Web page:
Where Is Our Stuff?

We are settling in to our new city.  And new apartment.  Overall, things are going well.

But, I never know where the knives are.  Dan keeps moving them.  We’ve only lived in this apartment for two weeks and he has already moved the block of wood that holds the knives THREE TIMES.  Every time I wash a knife, I have no idea where to put it.  I end up wandering around our teensy kitchen muttering to myself. While holding a knife.  In short: I END UP LOOKING LIKE THE CRAZY ONE.

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Aunt Elaine

Jacob & Aunt Elaine at the Playground

Jacob & Aunt Elaine at the Playground

My sister came to visit a few days ago.  Aunt Elaine. Jacob LOVES to play with Aunt Elaine.  Loves, loves, LOVES it.  Of course Emma does too in her own I-will-cling-to-Mommy-while-you’re-here-but-allow-you-to-entertain-me sort of way.  Incidentally, after a day of this (clinging and expecting Aunt Elaine to be her personal court jester) Emma whined piteously for Aunt Elaine at bedtime.  “Annn Elaaaaaaaine!  Annn Elaaaaaaaine”  She would NOT get in her crib until she had said a proper goodnight to Aunt Elaine.  A proper good night turned out to be a ten minute ritual involving several rounds of hugs.  Waving goodbye.  And blowing kisses.  It reminded me of that scene in “The Sound of Music” when that Austrian woman would not get off the stage at the music festival.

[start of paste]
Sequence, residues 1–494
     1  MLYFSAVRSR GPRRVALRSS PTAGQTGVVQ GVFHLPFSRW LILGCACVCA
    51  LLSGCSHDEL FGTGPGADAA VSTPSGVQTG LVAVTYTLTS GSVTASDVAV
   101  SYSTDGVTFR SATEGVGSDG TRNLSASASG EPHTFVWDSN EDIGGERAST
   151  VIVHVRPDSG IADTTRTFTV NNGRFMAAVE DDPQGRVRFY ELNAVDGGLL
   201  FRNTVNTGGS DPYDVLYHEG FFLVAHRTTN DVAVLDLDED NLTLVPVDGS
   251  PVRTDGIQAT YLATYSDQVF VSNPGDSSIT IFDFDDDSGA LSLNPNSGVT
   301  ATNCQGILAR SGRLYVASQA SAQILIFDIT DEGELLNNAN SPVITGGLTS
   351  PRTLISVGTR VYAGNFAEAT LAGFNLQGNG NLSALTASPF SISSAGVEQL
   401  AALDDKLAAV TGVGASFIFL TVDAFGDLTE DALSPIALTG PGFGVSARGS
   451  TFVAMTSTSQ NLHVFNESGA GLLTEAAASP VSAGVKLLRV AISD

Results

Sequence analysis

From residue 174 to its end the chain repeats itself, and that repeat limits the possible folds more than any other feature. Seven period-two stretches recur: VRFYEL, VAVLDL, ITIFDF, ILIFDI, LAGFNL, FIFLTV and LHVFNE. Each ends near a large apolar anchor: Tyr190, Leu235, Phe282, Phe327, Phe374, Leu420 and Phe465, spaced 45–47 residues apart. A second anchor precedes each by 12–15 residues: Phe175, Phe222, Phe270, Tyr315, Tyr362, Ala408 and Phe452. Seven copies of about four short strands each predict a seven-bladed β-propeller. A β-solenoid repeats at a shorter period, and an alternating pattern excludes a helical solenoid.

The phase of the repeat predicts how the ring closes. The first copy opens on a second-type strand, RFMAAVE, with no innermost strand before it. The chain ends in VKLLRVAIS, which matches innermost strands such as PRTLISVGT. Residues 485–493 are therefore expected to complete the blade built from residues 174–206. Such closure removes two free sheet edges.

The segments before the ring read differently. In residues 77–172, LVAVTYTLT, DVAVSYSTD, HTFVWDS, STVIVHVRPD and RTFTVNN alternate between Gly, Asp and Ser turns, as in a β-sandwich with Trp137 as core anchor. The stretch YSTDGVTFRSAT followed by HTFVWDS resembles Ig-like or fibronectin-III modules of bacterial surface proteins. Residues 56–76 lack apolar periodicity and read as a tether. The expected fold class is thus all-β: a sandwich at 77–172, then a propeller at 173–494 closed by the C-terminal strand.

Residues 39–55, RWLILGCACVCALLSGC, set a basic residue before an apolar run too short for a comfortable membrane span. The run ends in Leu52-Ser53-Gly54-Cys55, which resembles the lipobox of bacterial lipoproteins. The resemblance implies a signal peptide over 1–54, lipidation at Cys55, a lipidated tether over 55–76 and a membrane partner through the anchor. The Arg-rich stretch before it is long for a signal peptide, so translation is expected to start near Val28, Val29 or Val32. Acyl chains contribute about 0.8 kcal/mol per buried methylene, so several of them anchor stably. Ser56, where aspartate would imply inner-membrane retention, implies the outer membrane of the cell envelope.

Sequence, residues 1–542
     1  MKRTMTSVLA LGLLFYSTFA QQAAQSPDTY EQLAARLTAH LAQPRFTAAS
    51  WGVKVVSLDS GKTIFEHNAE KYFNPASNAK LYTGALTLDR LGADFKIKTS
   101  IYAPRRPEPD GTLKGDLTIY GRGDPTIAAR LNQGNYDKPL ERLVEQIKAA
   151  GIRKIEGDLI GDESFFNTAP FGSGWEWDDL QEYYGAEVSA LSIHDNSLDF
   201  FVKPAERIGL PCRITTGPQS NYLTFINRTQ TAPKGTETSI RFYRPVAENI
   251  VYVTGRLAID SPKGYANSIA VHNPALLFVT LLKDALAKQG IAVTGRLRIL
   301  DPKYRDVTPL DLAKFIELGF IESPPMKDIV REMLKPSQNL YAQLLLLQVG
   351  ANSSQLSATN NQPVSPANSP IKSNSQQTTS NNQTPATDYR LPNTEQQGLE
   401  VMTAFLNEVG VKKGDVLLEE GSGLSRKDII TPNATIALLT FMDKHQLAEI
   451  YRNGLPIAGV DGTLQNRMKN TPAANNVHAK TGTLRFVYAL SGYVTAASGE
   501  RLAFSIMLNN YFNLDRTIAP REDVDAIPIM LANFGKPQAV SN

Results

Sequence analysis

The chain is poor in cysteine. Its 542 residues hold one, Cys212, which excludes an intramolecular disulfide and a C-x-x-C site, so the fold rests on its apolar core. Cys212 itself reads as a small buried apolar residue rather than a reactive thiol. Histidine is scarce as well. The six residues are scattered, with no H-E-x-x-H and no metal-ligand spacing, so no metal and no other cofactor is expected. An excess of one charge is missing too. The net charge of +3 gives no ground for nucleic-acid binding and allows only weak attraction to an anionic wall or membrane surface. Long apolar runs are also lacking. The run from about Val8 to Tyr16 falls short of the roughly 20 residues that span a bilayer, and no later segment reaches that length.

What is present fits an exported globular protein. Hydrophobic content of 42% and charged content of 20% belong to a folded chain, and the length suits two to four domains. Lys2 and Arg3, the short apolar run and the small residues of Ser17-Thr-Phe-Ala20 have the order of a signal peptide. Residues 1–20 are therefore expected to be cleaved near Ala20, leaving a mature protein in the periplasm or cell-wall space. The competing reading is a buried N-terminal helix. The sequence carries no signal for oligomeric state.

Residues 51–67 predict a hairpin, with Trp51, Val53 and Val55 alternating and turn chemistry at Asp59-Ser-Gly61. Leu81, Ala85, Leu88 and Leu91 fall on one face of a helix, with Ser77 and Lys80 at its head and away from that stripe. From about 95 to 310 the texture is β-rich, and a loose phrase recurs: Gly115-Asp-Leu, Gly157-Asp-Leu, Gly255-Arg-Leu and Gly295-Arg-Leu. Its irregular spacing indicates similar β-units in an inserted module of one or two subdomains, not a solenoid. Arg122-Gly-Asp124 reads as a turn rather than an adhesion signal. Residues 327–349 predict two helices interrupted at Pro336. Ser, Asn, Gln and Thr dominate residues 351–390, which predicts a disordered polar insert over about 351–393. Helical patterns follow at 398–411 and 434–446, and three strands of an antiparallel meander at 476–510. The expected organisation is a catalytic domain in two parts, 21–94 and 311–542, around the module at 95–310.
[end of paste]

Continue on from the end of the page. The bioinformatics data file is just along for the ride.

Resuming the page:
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Business As Usual

We are down to the wire.  Just over a week before we move.  For our almost-five-year-old (Jacob) and almost-two-year-old (Emma), this means . . . almost-nothing.  They’re not so impressed.  You need to put everything in the house into boxes, Mommy?  Whatever. Where’s my Elmo video?  Clearly, there are more important things to focus on.

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Night, night

Jacob as a newborn trying out sleeping.  (He soon decided he didn't like it.)

Jacob as a newborn trying out sleeping. (He soon decided he didn’t like it.)

You know how you tuck your kid into bed, say “good night” and then walk out the door?  Me either.  How did the process of getting a child into a bed become a 45-minute ritual requiring an intermission and a concession stand?  We are simply no match for our children– two stall-master-black-belts who suddenly find Mommy and Daddy RIVETING just before bedtime.  (Send.  Help.)  Here’s how it breaks down . . .

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